The wife, younger daughter, two granddaughters and I spent the say before Father's Day in Huron at one of those family reunions where I know a few faces and a few names but almost no combinations of the two. Most of the people who know who I am hadn't seen me in many years. I told my daughter to identify herself as my Mom's granddaughter, as this was mostly my Mom's generation.
A couple of factors made it more interesting, however. First was the setting; an antique tractor and car show. This gave a certain (not entirely welcome) counterbalance to the feeling of being a whippersnapper at the reunion, because I can clearly recall many of those "antique" tractors being used for farming, occasionally by me. The tractor pulling the dump rake brought back especially painful memories of a long day sitting on the seat of one of those rakes as we bounced along cutting and raking hay. Grandbaby enjoyed the parade of tractors, the louder the better. It was also interesting to see the stationary engines on display. Although there weren't any of the really big ones with the gigantic drive belts that rely on friction to stay on the pulleys, the smaller ones still serve as huffing, popping reminders that internal combustion hasn't always been the science it is today, and another reason farming has been (and to a certain degree still is) a dangerous occupation.
Then there was the other novel element. Mom has had dealings with the local Hutterite colony for many years, teaching piano and occasionally playing for their church services when they didn't have anyone who could do it. Lately her brother has also been teaching music there as part of his job with the Iroquois school district, of which their school is part. As part of the reunion Mom arranged for supper at the colony, and their kids sang a few songs. We ate in the dining hall early, before the men came in for supper. The phrase "simple country fare" has become a cliche, but this pretty much fit; carrots, radishes and an interesting cold corn and cabbage salad; bread-crumb soup; turkey nuggets that if sold on the open market would force any other producer of similar items out of business; mashed potatoes that managed to be incredibly creamy yet have heft, with unnecessary but delicious gravy; and what I thought was apple/rhubarb pie that was very good but sweeter that I expected, almost like applesauce. The kids sounded good, especially considering some of them haven't had that much experience with English; German is #1 there.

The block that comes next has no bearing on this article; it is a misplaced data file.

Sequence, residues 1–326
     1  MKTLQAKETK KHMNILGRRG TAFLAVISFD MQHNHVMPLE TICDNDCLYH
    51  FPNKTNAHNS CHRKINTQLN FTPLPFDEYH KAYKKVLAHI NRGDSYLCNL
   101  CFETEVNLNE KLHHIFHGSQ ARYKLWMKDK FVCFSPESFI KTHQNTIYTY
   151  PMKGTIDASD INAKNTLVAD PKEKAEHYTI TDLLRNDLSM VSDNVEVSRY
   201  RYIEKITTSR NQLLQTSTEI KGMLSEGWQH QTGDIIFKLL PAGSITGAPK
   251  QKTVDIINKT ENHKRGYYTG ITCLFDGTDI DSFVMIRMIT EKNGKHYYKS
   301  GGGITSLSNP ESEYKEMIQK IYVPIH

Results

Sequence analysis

Pearl Creek Colony was a bit larger but no different than I recalled from my last visit. They aren't Amish; the facilities and equipment are thoroughly modern, although TV and other such frivolities are still a no-no. They aren't Amish in another sense; Mom quietly suggested we lock our vehicles "to eliminate temptation". Clothes were the same, as was the curiosity; the kids give you a good looking-over. Grandbaby was a bigger hit than usual, with her dark skin; one young boy asked the lady in charge if they got to keep "the little brown baby". I told my daughter that if she wanted to stay I could probably get a pig for her and they would likely find her a husband by Monday, but she demurred, as did the other daughter when I suggested later that we could get at least a cow - or maybe a truckload of turkey nuggets - for Grandbaby and her. All in all a fairly good time, although getting these girls married off is going to be tough if they're going to be so picky.